dirt, and passing soil tests. Just for grins, I consulted A Gardener's
Bouquet of Quotations, by Maria Polushkin Robbins. Turning to the
chapter, "Gardening Is
" I found Louse and James Bush-Brown's definition
"Gardening is a craft, a science, and an art. To practice it well requires
the enthusiasm of the true amateur and the understanding of the true student."
Well, that provides about as much enthusiasm as a cheerleading squad wrapped
in duct tape. And it would cause any gardener wanna-be to throw in the
trowel. I turned the pages, searching for something to tickle my Achilles
"Gardening is a matter of your enthusiasm holding up until your back gets
used to it." Someone by the name of Anonymous wrote that. We're getting
warmer, but we're not quite there.
The next morning, I checked my email. While weeding through spam, updates
from family and friends, requests for gardening advice and -- what's this?
A note from Scotland? Even though the internet has shrunk the planet,
it's always a treat to get mail from other longitudes.
Marion," it began. "I have been visiting your site with great interest
for a while now. Thank goodness for your sensible advice for gardening
in northern parts, I am in the north of Scotland and have many of the
meteorological challenges that you face, wind, rain, cold, etc. (but no
"Your list of 163 materials for the compost
bin is really useful but perhaps I can add another. A British organic
gardening writer, Bob Flowerdew [was this guy for real?] , swears by peeing
on his compost saying that urine acts as an accelerator. Actually he refers
to it rather delicately as 'recycling his cider and beer.' This isn't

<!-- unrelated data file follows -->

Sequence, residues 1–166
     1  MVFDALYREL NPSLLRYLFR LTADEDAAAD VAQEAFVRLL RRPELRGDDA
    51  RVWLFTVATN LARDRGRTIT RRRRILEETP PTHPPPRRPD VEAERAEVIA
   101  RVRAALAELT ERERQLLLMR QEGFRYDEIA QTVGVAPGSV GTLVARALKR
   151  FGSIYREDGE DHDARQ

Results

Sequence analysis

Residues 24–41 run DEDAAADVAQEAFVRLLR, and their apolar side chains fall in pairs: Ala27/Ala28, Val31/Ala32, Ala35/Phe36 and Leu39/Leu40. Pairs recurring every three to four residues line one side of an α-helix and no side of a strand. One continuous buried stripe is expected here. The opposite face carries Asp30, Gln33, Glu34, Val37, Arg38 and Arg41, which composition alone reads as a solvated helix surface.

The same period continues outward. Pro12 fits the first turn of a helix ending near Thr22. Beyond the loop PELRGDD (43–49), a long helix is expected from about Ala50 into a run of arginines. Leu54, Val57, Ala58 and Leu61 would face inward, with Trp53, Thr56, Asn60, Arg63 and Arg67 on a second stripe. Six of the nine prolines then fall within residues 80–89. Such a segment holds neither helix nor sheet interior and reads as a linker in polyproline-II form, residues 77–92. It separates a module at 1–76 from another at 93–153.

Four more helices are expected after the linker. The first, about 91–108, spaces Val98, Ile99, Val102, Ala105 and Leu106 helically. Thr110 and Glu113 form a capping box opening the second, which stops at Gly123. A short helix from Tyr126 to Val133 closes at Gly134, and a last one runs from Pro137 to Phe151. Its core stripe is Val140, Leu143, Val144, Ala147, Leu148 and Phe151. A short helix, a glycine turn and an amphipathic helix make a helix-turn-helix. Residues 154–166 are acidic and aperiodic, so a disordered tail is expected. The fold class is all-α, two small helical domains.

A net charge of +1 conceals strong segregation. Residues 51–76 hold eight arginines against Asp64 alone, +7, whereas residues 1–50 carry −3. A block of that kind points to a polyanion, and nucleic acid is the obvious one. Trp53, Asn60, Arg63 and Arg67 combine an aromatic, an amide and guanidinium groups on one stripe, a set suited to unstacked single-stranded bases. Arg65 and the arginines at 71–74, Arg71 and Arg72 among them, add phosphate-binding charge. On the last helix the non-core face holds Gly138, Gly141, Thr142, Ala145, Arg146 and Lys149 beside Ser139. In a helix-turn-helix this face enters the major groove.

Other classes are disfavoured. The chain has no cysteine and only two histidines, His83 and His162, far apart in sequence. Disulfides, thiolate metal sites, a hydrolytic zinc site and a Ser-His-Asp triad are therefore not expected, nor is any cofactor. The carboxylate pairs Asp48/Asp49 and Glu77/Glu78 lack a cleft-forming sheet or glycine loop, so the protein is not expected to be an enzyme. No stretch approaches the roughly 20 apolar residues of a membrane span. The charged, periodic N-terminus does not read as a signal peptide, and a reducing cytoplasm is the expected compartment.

so easy for us women but I do encourage my husband to provide the goods!
One for the list?"
The message ended with, "Many thanks for all your ideas and beautiful
photographs, Jean Bell."
Wow, the Scots DO have a sense of humor! I tell students in my "Compost
Happens -- How to make and use compost" class
that farmers and gardeners around the world collect human urine and add
it to their compost pile. Most animal manure has urine mixed in it. Urine
contains mostly urea, and naturally-formed urea is one of the oldest,
safest (it's sterile) and free sources of nitrogen. Non-chemical urea
breaks down fast in the soil and in the compost pile. Human urea has an
impressive N:P:K (Nitrogen:Phosphorus:Potassium) ratio of 45-0-0.
Back to "gardening for guys" and my new goal to weave humor with how-to's
in my weekly columns. How can you stay too serious with friends like Carol
and Marianne Binetti? Marianne gave a keynote address at the 2003 Master
Gardener conference in Port Townsend, Washington. She keeps deer out of
her vegetable patch by using a very simple and very effective method.
Oh, yes. Her teenage son gladly helps out.
Marianne claims you don't need to buy bottles of deer-proof stuff, which
is simply predator urine, such as fox urine. "First," she says, "invite
your son's basketball team over to the house. Serve them all the Gatorade
they can drink. Then, tell them to go outside and 'mark the territory.'"
Does it work? You bet your six-pack it does.